A trust is an agreement between three main parties:
- Grantor (sometimes referred to as a Trustmaker, Trustor or Settlor) – is the person who creates the Trust and whose assets are used to fund the Trust. Depending on the nature of the Trust, the Grantor is the only person who is able to amend a Trust or terminate a Trust in its entirety.
- Trustee – is the person(s) or entity who controls the assets owned by the Trust and who makes all of the decisions (usually in accordance with the Trust Agreement) about the Trust assets such as investing, selling, and/or changing the nature of assets held by the Trust.
- Beneficiary or Beneficiaries – is/are the person(s) who benefit from the assets held in the Trust.
The rules of a Trust are set out or built upon terms most typically set out in a Trust Agreement. There are many different types of Trusts that can be created and usually a Grantor will work with professionals such as lawyers and/or accountants to assist with an appropriate Trust Agreement. A few examples of Trusts are as follows:
- Living Trust – a form of trust established during the Grantor’s lifetime. This form of trust is also commonly referred to as an “inter vivos” trust. In this instance the Trustee is given responsibility to prudently manage some or all of the Grantor’s assets during his/her lifetime. There are many forms of Living Trusts such as Family Trusts, Spousal Trusts, Joint Partner Trusts, Alter Ego Trusts, etc.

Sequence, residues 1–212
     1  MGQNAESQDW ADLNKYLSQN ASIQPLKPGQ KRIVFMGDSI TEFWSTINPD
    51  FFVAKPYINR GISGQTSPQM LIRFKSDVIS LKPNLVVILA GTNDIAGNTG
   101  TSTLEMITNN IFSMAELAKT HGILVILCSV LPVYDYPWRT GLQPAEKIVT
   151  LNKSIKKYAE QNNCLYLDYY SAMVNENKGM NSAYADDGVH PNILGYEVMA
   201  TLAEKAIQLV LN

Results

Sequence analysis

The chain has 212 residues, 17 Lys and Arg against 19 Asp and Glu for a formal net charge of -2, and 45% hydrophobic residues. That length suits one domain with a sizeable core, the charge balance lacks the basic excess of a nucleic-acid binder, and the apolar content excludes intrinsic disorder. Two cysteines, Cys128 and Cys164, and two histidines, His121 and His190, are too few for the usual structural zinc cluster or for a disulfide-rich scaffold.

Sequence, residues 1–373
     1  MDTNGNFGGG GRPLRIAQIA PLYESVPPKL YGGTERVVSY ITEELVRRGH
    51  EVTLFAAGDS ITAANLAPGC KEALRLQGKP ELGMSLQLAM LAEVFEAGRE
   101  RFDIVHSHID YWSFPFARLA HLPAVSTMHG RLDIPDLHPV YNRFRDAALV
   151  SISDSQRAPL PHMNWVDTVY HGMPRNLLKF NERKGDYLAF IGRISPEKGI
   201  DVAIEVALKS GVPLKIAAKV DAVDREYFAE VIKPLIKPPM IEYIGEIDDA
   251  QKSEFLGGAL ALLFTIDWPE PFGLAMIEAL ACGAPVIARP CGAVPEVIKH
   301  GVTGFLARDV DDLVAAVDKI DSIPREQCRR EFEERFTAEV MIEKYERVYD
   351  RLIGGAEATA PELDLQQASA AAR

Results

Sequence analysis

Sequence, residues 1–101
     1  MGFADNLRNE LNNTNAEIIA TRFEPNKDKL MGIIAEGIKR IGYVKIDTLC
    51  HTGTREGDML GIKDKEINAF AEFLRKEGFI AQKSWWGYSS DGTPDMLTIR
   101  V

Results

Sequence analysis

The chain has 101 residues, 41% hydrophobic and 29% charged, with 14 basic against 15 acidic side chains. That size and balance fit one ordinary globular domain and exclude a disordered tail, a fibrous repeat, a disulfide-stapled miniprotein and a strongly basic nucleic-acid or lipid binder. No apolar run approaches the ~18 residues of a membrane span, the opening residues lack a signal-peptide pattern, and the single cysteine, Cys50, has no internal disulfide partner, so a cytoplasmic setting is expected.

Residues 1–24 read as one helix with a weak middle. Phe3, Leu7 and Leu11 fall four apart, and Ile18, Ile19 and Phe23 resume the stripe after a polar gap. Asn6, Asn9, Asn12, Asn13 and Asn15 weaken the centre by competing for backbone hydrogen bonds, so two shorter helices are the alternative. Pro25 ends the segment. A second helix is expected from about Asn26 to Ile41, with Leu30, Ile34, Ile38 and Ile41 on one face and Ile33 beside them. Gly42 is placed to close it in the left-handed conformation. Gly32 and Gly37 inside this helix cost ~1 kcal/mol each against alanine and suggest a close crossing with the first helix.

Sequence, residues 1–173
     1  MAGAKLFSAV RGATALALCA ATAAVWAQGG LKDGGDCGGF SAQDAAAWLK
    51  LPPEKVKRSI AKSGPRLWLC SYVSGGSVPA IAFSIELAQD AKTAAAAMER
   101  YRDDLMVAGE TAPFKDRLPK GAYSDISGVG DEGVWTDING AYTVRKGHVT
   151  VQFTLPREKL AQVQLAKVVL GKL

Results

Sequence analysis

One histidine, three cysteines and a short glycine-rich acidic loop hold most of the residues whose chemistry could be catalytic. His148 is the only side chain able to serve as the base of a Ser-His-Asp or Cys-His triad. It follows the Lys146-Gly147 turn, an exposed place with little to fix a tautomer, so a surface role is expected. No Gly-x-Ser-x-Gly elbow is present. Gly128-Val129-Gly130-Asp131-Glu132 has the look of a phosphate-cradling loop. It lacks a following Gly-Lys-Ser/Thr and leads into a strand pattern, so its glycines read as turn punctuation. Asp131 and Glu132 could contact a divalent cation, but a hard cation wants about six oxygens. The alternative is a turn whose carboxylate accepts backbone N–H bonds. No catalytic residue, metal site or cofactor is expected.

- Testamentary Trust – The Trustee is given responsibility to prudently manage some or all of the assets of the Grantor after death. A Testamentary Trust is typically set out or established by the Grantor’s Last Will and Testament and/or by order of the Court.
It is important to note that a Living Trust is often used for estate planning purposes and is often established to eliminate the need for probate after death. How so you ask? In a nutshell, a Trust, rather an individual in his/her own name, owns the assets. A Trust owns property when the Grantor transfers the property as an individual to the Trust as an entity. An entity is nonliving, therefore, Trust Property is never subjected to the probate process. Transferring individual assets into a Trust is a process that typically requires professional advice and direction. Merely listing assets to be held in the Trust in a Trust Agreement does not legally change the ownership of the asset. Once the asset is owned by the Trust, it becomes subject to the control of the Trustee and the rules governing the distribution of the Trust to the beneficiaries ultimately.
Trusts are complex and not for everyone. Let us know how we can help you to better understand a Trust and how it may or may not benefit you.